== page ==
The showdown, or at least the opening act of it, is over.  The dust has settled.  And the Democrats have failed again.

The battle for the $35 Billion expansion of the SCHIP program has sparked some impressive fireworks, the least of which being those centered around the Frost Family.  At its heart, the debate is waged between a vast majority of Americans who not only approve of the expansion, but are willing to pay extra in taxes over it, and those who, in true Grover Norquist fashion, simply must reject and fight kicking and screaming anything that would dig into their own pockets.

There have been arguments that it would cost too much, even though the bill came with its own built in funding.  There has been parsing between whether it’s moral to cover middle income children or not.  From a very small yet incredibly vocal minority, there has been a severe kickback to the expansion.

Despite this, when Bush vetoed the bill, it looked as though the Democratic Congress would be able to pull off an override vote.  The Senate had already passed its version of the bill with a super majority and the House was less than twenty votes shy of the two thirds majority required to override the veto.

It was doable, or so one might think.

But as we learn, the override vote in the House today failed by a margin of thirteen votes.

They failed again.

To be completely fair, the Democratic leadership isn’t completely to blame (even more fair, not really to blame at all).  If some Republican congressmen are going to dig in their heels and vote it down, sometimes that’s all there is to be done about it.

But that doesn’t erase the feelings of frustration.  The Democratic majority has lost every battle at every turn, and after a while whether individual battles are their fault or not, you stop caring.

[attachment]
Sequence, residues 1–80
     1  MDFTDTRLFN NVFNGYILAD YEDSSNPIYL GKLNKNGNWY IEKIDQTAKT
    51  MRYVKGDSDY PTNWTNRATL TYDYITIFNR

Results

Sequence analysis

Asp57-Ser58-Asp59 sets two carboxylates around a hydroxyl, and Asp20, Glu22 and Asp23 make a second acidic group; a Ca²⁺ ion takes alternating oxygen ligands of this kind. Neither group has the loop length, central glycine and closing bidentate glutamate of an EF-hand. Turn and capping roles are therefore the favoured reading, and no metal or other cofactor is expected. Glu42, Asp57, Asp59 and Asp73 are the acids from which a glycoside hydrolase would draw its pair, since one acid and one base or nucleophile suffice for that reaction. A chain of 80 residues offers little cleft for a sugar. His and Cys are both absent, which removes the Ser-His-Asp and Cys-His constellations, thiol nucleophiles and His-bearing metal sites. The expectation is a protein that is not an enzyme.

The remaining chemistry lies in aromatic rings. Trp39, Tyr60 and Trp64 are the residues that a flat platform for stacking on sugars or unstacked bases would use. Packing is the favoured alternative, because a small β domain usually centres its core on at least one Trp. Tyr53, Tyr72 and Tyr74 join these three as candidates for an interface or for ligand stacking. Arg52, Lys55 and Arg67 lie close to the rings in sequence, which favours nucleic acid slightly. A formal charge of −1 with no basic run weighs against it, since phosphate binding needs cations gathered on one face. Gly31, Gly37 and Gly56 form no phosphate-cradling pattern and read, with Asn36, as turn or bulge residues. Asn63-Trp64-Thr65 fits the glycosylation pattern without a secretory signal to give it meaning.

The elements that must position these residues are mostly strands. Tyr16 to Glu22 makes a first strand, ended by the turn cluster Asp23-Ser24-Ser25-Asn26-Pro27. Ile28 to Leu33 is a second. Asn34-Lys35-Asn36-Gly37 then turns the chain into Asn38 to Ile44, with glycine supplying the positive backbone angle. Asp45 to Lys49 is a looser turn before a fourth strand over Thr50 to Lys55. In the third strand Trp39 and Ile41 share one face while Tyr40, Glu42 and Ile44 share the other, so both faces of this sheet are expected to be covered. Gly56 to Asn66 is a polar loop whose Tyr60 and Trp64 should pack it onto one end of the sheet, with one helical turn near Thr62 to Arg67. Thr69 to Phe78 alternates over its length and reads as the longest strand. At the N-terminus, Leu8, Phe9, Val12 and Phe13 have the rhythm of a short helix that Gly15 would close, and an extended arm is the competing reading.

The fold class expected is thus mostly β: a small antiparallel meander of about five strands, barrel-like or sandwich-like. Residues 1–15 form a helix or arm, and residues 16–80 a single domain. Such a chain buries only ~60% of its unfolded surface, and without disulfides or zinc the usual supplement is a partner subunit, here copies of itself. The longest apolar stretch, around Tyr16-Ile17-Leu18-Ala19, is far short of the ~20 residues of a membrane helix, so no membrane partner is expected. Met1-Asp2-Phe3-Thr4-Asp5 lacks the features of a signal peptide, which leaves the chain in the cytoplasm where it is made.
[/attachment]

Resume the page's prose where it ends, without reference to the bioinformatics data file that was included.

Not that the Democratic leadership had a shortage of harsh words for their Republican colleagues.

“Each Republican who voted to uphold President Bush’s heartless veto should be embarrassed that he chose to stand in the way of improving the lives of millions of America’s poorest children,” Mr. Reid said. “While we appreciate those who voted to override his veto, there unfortunately remain too many who are all too willing to rubber-stamp President Bush’s shameful policies and succumb to his misinformation campaign.”

But I don’t want tough talk, I want results.  81% of Americans wanted this expansion, including over two thirds of of Republicans.  A majority of Americans want out of Iraq, and a majority would like our civil liberties protected.

It is all well and good to blame individual battles on hardnosed Republicans, but when you are talking about every single political battle of significance, you have to look at the Democratic leadership and ask them specifically, why is none of this stuff happening?

And if they can’t give a better answer than some bluster about obstructionist Republicans, well, I think it’s time to find new leaders. 

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